* Neometals considers splitting technology from mining
* Shares down nearly 20 percent in 2017
* GRAPHIC: Global electric vehicle market - tmsnrt.rs/2ppiLi3
By Zandi Shabalala
LONDON, June 15 Australian lithium miner
Neometals plans to list in New York and may spin off
its processing technology in an attempt to boost its share
value, Chief Executive Chris Reed said.
The share prices of lithium producers are volatile because
of uncertainty surrounding supply, demand and pricing as
analysts disagree over the potential size of the market for
electric vehicles, many of which use lithium batteries.
Neometals stands out from the crowd, Reed said, because it
uses a combination of chemicals to accelerate the process of
creating lithium, cutting costs.
He predicted the U.S. market, with its large contingent of
institutional investors, would value his firm's technical
"Mining is well understood in Australia. Our plan to process
our mineral concentrates into lithium battery materials and
development of new processing technologies is not," Reed told
He said Neometals was eyeing a listing under the Nasdaq
International Designation - an upgrade of its over-the-counter
offering - within the next two years.
Most operators in the lithium triangle of high-altitude
lakes and salt flats that straddles Chile, Argentina and Bolivia
rely on salt pools.
These take many months to produce lithium, although some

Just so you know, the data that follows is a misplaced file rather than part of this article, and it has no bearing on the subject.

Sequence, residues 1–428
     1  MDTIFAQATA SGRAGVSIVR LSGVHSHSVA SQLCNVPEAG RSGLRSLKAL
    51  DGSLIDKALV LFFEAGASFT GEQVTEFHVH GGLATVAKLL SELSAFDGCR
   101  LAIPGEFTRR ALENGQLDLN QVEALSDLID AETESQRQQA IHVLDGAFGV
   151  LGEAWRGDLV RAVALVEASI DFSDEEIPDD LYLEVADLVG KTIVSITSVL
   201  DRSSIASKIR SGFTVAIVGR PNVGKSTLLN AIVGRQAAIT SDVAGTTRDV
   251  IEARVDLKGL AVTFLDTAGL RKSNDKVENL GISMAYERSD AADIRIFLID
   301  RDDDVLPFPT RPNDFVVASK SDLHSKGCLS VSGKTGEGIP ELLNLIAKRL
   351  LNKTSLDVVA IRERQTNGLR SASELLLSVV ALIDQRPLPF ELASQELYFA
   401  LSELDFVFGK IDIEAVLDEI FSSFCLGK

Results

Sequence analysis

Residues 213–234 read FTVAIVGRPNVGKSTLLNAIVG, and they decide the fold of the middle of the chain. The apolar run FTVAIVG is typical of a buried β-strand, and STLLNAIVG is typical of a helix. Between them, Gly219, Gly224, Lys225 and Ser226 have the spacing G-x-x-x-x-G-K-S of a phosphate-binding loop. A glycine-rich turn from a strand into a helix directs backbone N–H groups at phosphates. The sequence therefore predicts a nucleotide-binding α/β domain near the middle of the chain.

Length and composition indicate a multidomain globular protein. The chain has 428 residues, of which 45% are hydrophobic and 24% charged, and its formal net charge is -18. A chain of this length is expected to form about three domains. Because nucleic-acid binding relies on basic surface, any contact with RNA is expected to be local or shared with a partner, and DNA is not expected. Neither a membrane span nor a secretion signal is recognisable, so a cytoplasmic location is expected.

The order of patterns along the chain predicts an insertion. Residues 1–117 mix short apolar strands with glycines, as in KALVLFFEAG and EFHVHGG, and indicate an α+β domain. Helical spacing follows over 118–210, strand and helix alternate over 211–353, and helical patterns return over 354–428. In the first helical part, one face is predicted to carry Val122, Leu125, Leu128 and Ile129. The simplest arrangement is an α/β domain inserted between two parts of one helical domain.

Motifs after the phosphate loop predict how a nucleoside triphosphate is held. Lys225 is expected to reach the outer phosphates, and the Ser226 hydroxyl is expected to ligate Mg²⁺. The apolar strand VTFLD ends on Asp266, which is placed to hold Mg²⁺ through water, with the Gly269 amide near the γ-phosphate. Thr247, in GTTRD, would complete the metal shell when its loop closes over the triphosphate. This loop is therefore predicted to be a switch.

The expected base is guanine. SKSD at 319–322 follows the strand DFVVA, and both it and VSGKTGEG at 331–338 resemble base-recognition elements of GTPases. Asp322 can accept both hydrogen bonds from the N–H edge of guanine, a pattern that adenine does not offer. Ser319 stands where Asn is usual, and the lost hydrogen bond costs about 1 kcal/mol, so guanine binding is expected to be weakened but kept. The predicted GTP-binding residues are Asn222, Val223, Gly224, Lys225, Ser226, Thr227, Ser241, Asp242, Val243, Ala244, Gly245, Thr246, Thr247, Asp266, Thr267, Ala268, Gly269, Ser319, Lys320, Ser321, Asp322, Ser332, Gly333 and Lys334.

operators say that once the process has begun, its duration
becomes irrelevant because it creates a steady stream of lithium
Rechargeable batteries containing lithium are used in mobile
phones and electric cars, whose sales are forecast to rise
fourfold from 2015 levels to 2.5 percent of the global car
market by 2020, Wood Mackenzie consultant James Whiteside said.
Consulting group CRU expects lithium demand to grow by
around 20,000 tonnes per year over the next few years, from just
over 200,000 tonnes in 2016.
Many companies have been seeking to get into lithium,
although not all projects are delivering. Lithium bulls say it
would take only a slightly bigger takeup in electric vehicles
than many predict to result in a shortfall.
Lithium-based equities rallied over the previous two years,
but have fallen this year because of a combination of
profit-taking and fears of a supply bubble.
Neometals shares are down nearly 20 percent since the start
of the year, in line with the wider trend.
Apart from a lithium and a titanium mine, Neometals has two
processing plants and recycles batteries to recover cobalt in
(Reporting by Zandi Shabalala; Editing by Dale Hudson)